From humble beginnings.
When a storyteller opens a restaurant, you’re bound to get a good ending. Once upon a time circa 1995, I tried to eat lunch by myself at the Country Kitchen restaurant in Nyaniba Estate. It was a popular place for workers and lunch dates. I had returned from England the year before and thought nothing of sitting by myself and enjoying a good jollof. I worked just up the road from the place and my boss smirked a little when I told her I was going for lunch.
“Meeting someone?” She was being nosy.
“No,” I responded. That’s when she smirked.
The waiter approached me with a quizzical look on his face, I asked for the menu and he asked if I was alone. I looked around just in case someone had joined me without my knowing. He handed me the menu and then came back to take my order. I wondered if there was something wrong, he looked at me in a weird way. It didn’t take long for me to realise that I was being stared at and that I was the only person in the bustling restaurant sitting by myself. I was determined to stay, but with no Facebook to keep me looking busy and no calls to make me give the impression that I had tons of friends, I gave up my independence and asked for my meal to be packed into a takeaway.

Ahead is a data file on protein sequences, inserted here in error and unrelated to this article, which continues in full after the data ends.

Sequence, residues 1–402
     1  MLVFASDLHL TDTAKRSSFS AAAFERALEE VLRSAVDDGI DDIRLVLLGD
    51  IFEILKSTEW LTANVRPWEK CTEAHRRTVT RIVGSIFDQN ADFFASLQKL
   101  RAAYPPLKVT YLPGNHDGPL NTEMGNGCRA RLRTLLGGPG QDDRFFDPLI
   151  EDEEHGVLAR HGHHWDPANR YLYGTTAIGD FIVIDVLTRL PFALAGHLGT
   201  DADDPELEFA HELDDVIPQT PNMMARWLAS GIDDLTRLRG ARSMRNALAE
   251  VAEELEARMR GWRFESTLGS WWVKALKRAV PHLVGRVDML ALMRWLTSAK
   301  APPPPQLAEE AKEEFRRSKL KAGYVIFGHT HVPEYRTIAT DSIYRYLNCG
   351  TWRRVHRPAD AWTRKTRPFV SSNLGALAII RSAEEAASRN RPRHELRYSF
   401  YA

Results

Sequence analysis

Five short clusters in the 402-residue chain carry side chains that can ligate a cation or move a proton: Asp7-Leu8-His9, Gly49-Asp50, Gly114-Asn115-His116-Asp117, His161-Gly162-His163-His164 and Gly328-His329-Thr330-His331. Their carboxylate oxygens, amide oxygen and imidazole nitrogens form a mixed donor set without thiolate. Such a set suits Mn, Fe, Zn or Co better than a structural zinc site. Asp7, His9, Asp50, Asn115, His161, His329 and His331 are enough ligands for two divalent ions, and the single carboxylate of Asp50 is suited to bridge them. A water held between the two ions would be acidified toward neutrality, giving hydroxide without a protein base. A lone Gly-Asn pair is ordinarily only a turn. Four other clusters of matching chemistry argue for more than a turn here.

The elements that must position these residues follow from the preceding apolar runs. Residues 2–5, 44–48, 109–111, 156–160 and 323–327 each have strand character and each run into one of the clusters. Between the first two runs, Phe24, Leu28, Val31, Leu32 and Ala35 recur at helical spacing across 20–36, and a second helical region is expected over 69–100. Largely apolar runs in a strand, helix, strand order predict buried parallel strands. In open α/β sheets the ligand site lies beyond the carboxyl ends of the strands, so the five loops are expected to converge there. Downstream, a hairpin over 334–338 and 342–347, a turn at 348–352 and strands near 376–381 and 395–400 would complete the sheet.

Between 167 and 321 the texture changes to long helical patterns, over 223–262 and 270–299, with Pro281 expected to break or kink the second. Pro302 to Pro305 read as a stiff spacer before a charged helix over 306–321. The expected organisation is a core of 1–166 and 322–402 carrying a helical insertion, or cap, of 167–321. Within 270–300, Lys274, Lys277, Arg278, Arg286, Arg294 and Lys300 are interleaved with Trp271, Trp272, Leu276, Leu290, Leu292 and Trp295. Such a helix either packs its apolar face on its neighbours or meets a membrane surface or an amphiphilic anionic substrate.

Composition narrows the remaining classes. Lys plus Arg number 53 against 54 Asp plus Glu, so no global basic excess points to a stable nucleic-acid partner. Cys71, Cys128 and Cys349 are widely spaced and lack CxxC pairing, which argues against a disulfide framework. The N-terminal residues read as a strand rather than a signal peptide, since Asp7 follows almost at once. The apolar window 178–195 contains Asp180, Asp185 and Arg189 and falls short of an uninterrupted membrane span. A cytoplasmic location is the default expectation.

But they say that great business ideas usually stem from problems. This was a problem for me.
The fact that I could not dine by myself without feeling uncomfortable. I began to think about opening a café, something cosy and comfortable with tasty food and great music. A place that would become a haven, a spot where you came to get away from the world and its problems. That place became Josie’s Cuppa Cappuccino.
Some interesting things have happened since then. Wole Soyinka, the African Nobel Laureate came for lunch and Christiane Amanpour had her best coffee in Accra with us. Proposals and first dates and lots of what we call Cappuccino Babies arrived. Cuppa Cappuccino was where their expectant moms arrived every morning looking for their favourite sandwich.
Its twenty-two years now and it’s been a journey and a half, with challenges, highs and lows. When we were listed by Ventures Africa as a ‘leading café in Africa’, it was a big source of pride and validation for us. I tell young folk all the time that nothing good comes easy and God’s grace makes what seems impossible, so very possible.